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McIlroy feeling right at home at Shinnecock Hills

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SOUTHAMPTON, N.Y. – Rory McIlroy has never been more at home on a U.S. Open venue.

That’s what you concluded listening to him as he made his final preparations before Thursday’s start at Shinnecock Hills.

It’s so familiar to him, this links-ish layout in the Hamptons. It’s almost as if he can whiff the Belfast Lough.

“It sort of reminds me of some of the courses from back home a little bit, the way the golf course has been playing,” McIlroy said.

The Ulsterman wants to get himself back on track in a U.S. Open, a major he won seven years ago but has struggled to get comfortable in the last couple years.

“It feels like it's been a while since I've been in the mix at this championship,” McIlroy said. “With how my game feels, hopefully I can do the right things over the first few days and put myself in a position to win another one.”

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McIlroy missed the cut at Oakmont in 2016 and again at Erin Hills in ’17, but this U.S. Open has been circled on his calendar for some time. Shinnecock Hills is a test that intrigues him. He likes the strategy required to penetrate its defenses.

The place earned his affection back when he first played it four years ago.

“I love the golf course,” McIlroy said.

One of the game’s premier power players, McIlroy won’t be in full attack mode at Shinnecock Hills, not with a certain finesse required to get at pins on greens that don’t play nearly as large as they look.

It’s a second shot course, but that second shot can’t be from the deep fescue.

“These greens are quite large, but they play a lot smaller than they actually are, just because of runoffs and the way they're designed,” McIlroy said. “I think I’ll adopt quite a conservative strategy off the tee.

“Even if you're leaving yourself back, and maybe hitting a couple of extra clubs into these greens, it's not such a bad thing. I'd rather be doing that than hacking my way out of the rough. So that's sort of my strategy this week.”

McIlroy is looking to win his fifth major, his first in four years, since winning the PGA Championship at Kiawah Island, a links-ish layout on the Atlantic Ocean.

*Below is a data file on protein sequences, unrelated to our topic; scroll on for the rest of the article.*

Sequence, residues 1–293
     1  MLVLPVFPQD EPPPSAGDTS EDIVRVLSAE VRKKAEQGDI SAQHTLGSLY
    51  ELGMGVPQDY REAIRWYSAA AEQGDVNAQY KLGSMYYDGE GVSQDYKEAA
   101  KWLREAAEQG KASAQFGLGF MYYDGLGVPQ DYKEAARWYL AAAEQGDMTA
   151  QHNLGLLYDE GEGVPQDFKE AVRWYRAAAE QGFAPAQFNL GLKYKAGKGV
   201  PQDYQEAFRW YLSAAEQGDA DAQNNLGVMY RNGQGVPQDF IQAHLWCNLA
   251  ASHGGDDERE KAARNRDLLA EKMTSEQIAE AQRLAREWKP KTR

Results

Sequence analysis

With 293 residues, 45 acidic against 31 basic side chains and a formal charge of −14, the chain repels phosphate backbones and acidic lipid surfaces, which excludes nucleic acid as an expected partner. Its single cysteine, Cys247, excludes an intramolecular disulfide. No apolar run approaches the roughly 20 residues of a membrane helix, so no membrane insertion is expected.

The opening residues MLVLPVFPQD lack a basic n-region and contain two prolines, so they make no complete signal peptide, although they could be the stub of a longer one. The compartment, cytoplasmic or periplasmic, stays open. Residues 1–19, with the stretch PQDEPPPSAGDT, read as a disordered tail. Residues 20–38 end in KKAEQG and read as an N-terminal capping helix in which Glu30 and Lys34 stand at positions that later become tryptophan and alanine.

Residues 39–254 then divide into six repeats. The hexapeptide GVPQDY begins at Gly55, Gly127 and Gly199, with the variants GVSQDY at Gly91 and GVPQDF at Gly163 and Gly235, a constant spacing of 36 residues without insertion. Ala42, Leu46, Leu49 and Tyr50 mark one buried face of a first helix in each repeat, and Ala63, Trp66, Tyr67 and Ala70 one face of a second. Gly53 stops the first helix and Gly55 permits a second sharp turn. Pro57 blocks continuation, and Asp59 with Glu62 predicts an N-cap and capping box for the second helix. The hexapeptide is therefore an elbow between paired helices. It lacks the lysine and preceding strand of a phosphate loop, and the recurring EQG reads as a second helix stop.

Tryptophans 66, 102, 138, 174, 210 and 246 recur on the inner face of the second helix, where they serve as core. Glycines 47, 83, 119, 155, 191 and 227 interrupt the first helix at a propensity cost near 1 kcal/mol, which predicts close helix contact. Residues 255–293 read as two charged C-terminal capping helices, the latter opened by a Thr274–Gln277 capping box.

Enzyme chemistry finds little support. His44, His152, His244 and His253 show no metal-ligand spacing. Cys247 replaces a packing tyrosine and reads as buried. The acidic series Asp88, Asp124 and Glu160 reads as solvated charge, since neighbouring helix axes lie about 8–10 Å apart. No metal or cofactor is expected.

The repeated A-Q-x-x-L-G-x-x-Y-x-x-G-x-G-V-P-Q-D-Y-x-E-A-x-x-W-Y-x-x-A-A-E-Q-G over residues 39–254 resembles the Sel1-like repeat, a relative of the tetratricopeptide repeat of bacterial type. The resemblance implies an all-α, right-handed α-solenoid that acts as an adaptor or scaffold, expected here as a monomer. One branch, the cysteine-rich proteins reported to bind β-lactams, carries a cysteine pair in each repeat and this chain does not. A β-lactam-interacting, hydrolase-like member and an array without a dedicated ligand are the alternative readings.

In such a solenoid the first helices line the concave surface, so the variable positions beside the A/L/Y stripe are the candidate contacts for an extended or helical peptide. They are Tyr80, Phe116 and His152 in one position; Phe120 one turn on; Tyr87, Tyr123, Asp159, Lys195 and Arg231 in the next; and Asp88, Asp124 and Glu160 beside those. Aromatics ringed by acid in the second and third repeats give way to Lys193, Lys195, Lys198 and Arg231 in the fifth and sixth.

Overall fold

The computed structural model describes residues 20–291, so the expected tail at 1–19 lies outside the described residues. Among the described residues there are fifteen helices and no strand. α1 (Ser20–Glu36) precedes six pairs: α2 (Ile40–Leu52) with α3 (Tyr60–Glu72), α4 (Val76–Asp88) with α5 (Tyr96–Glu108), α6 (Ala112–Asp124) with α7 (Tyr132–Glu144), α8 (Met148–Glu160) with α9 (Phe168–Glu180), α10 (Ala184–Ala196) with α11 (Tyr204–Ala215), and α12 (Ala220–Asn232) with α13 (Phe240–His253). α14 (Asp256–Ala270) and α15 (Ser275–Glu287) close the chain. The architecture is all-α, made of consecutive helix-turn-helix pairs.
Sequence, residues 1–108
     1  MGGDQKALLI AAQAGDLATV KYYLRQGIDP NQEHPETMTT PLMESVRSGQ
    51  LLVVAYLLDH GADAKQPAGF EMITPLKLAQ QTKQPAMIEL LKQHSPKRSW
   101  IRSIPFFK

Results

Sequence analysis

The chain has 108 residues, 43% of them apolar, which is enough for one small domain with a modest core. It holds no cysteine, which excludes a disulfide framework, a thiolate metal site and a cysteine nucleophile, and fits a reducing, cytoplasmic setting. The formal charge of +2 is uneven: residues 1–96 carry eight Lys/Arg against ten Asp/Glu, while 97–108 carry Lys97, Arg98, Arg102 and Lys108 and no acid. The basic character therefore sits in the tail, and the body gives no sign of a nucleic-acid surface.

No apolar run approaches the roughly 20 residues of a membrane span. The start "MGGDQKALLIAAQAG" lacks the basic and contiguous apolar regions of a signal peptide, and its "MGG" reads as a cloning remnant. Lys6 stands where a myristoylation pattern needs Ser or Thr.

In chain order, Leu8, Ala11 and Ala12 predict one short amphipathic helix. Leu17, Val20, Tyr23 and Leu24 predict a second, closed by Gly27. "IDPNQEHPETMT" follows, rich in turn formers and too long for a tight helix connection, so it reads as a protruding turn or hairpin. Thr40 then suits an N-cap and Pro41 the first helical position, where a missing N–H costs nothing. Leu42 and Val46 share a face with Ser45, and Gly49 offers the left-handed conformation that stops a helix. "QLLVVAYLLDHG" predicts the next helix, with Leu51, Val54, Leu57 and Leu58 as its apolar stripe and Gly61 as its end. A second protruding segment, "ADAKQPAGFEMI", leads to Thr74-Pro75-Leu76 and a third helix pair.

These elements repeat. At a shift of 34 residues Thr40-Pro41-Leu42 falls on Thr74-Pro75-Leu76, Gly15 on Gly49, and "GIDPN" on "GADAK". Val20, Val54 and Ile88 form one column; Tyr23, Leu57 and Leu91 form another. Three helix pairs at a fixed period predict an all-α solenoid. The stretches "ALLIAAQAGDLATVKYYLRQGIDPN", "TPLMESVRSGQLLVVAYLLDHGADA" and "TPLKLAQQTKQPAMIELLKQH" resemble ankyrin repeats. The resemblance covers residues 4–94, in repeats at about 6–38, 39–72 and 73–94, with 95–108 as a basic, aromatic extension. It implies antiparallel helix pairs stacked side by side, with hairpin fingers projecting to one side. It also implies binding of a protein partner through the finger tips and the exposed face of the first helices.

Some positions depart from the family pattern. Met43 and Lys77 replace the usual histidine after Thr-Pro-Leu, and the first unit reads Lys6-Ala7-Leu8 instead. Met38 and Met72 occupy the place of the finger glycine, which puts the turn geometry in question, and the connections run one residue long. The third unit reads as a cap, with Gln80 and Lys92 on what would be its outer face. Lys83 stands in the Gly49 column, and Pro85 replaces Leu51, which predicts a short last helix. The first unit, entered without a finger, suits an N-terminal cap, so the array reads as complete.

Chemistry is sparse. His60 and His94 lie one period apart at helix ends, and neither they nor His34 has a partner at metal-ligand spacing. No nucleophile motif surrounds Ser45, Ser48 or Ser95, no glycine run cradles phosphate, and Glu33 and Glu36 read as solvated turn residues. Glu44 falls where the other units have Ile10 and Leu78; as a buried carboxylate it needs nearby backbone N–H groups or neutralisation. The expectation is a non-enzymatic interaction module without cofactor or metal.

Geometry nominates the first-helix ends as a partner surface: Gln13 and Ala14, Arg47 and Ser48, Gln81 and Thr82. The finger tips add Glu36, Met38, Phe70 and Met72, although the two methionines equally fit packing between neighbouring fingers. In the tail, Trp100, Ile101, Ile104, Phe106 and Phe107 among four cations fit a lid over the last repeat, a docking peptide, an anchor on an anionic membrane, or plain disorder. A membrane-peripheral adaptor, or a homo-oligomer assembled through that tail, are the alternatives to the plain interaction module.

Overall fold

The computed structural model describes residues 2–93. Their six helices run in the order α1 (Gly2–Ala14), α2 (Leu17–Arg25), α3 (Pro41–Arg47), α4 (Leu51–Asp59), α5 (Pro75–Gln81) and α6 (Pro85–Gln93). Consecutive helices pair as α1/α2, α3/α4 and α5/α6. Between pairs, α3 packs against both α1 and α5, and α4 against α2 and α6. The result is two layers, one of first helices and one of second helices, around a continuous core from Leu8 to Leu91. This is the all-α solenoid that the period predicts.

It’s been a good year already, a nice bounce back from his winless campaign in ’17. He won the Arnold Palmer Invitational in March, but he also let an opportunity go with a chance to complete the career Grand Slam in April. Three strokes down going into the final round at the Masters, he shot 74.

That memory’s there for McIlroy and fans alike.

“My game feels good,” McIlroy said. “The first major I played well. I sort of struggled a little bit on Sunday. But I've got a win this year, which is great. I've gotten myself into contention quite a few times.”

Former world No. 1 and Golf Channel analyst David Duval believes it will take a secure frame of mind to win this U.S. Open.

“I think some of it is where he is mentally,” Duval said. “Is he in a good place? Is he calm and looking forward to the challenges and the hair pulling that Shinnecock can make players do?”

McIlroy answered that Wednesday, detailing in his news conference how he took last week off to come to this area and play some of the great courses on Long Island.

He said he did that more to have fun with friends than he did to get extra prep for the U.S. Open. He played National Golf Links, Friars Head and Garden City while also getting looks at Shinnecock Hills.

“It was more for fun,” McIlroy said. “I think it does put you in a different frame of mind. You're relaxed out there, and maybe that sort of bleeds into your mindset whenever you're here in a big championship.

“Obviously, there is a separation of the two, but the more you can get into that mindset of being relaxed and enjoying it, the better you're going to play.”

McIlroy hopes to enjoy late Sunday the most this week.